The famous designer proved a worthy successor to the great Spanish masters, in a summer exhibition at the Thyssen-Bornemisza National Museum.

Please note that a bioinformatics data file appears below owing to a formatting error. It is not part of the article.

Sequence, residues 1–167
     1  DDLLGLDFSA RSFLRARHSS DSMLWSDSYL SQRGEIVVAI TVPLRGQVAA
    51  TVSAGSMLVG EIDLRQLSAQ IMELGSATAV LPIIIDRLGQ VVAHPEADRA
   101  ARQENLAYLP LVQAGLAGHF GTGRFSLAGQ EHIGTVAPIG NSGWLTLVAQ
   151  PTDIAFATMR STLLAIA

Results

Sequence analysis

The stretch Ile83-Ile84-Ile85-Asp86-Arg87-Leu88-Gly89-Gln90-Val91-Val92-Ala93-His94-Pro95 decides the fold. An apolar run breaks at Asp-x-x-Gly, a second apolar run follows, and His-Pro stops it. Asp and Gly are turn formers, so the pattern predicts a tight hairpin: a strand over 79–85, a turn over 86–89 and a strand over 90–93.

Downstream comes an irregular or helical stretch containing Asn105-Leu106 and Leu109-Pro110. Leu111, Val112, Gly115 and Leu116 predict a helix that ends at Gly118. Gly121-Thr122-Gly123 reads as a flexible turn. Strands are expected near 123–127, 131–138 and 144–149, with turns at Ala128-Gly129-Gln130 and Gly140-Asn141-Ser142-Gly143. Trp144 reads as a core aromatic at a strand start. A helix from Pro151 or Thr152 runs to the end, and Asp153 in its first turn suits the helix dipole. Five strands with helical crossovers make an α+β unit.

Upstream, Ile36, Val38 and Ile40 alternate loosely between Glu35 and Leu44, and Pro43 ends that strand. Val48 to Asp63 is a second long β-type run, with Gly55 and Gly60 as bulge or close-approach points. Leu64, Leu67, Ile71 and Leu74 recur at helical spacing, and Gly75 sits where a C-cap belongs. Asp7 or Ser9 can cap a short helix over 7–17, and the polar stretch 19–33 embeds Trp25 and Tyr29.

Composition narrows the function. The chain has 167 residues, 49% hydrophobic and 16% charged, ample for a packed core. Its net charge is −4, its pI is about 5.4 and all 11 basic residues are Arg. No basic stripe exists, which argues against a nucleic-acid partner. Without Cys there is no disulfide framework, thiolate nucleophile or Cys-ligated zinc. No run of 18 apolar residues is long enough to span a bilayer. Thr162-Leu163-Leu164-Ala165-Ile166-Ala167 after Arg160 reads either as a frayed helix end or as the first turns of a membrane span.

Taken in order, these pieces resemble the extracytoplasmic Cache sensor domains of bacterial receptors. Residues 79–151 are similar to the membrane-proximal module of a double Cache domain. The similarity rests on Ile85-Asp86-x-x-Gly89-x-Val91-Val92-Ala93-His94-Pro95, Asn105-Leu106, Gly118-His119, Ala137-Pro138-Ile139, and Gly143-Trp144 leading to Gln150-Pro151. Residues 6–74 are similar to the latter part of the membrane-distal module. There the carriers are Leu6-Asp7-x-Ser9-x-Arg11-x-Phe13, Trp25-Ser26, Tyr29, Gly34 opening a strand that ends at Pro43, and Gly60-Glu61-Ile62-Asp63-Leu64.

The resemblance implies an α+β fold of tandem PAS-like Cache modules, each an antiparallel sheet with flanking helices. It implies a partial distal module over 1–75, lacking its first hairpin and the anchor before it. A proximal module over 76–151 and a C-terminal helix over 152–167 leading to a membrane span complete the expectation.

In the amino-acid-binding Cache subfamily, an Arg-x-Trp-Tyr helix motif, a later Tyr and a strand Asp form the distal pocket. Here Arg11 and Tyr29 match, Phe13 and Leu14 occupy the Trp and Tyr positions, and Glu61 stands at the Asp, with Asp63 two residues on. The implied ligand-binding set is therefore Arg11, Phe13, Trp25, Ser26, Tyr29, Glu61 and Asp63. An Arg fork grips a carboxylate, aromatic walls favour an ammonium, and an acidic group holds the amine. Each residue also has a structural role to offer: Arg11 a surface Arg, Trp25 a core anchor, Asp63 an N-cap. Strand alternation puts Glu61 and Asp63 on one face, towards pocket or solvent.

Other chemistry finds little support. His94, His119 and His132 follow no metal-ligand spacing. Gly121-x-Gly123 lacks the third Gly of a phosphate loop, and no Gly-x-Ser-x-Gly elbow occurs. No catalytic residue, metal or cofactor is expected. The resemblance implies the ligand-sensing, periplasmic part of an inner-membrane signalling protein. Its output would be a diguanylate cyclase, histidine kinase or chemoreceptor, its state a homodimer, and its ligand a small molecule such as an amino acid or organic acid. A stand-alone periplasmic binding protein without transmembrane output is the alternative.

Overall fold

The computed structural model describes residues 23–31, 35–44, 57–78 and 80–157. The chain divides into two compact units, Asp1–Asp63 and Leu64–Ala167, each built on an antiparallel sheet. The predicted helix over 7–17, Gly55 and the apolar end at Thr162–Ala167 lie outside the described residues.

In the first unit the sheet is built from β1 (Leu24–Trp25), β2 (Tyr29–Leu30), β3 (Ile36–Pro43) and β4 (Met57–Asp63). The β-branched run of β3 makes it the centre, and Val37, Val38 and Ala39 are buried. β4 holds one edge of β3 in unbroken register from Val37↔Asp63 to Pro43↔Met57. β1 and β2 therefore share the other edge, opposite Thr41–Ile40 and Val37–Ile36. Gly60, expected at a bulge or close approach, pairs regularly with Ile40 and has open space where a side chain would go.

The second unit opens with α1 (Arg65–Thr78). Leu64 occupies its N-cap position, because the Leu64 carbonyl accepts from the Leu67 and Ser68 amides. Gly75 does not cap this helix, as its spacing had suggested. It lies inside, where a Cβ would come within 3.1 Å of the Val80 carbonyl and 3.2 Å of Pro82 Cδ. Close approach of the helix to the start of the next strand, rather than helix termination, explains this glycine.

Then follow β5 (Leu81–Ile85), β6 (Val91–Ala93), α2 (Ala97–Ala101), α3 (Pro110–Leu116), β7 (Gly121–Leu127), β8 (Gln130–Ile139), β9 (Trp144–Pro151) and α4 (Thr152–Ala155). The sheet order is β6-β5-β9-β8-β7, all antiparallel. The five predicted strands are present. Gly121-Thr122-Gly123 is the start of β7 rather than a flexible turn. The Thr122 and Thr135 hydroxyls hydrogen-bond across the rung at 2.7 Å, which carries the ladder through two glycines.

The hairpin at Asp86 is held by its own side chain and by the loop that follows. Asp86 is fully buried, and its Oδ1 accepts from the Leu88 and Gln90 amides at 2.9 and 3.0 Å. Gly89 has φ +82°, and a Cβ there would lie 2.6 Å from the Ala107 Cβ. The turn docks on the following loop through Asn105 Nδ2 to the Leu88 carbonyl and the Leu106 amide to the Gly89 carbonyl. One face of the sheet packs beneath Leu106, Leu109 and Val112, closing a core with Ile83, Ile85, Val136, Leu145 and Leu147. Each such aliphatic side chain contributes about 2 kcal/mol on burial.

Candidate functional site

The stage is set right from the first room: an Apostle's Head by Vélasquez, a Saint Sebastian by El Greco and Cardinal Luis María de Borbón y Vallabriga by Goya eye the visitor up and down, in the presence of two dresses in flaming red. This is the beginning of a circuit dotted with masterpieces of Spanish painting from the 16th to the 20th centuries, highlighting the connections between the meticulous work of Cristóbal Balenciaga (1895-1972) and fifty-six pictures brought in from museums all over the peninsula. But there is nothing gratuitous about this spectacular dialogue: Hispanic art, familiar to the aesthete couturier from his teenage years, was his main source of inspiration. It led him to make use of novel volumes, as with the sculptural silhouette of a ball gown (1951) where the "architect of fashion" harks back to the voluminous drapes in which Zurbarán swathed Saint Elisabeth of Portugal, or the line of a wedding dress with lateral protuberances (1957), evoking the vertugados worn by the queens in Sánchez Coello's paintings. Meanwhile the colours, handled sparingly by Balenciaga, evoke the most atypical geniuses in Iberian painting. For example, the "fluorescent" palette of El Greco dictated the incredible acid yellows, candy pinks and apple greens that electrified his designs in the 1960s. In another room, black – a symbol of power and elegance, imposed on the court by Philip II – shapes little cocktail dresses, echoing the shade worn by the infantas and aristocrats of Martínez del Mazo and Pantoja de la Cruz. Even more subtle is the use of pictorial motifs in models' ornamentation: a whole range of dazzling 1950s dresses embroidered with flowers seem to reproduce in thread the roses of a still life by Gabriel de la Corte, or a bouquet by Juan de Arellano… Down to the last detail, Balenciaga proved a worthy successor to the great Spanish masters.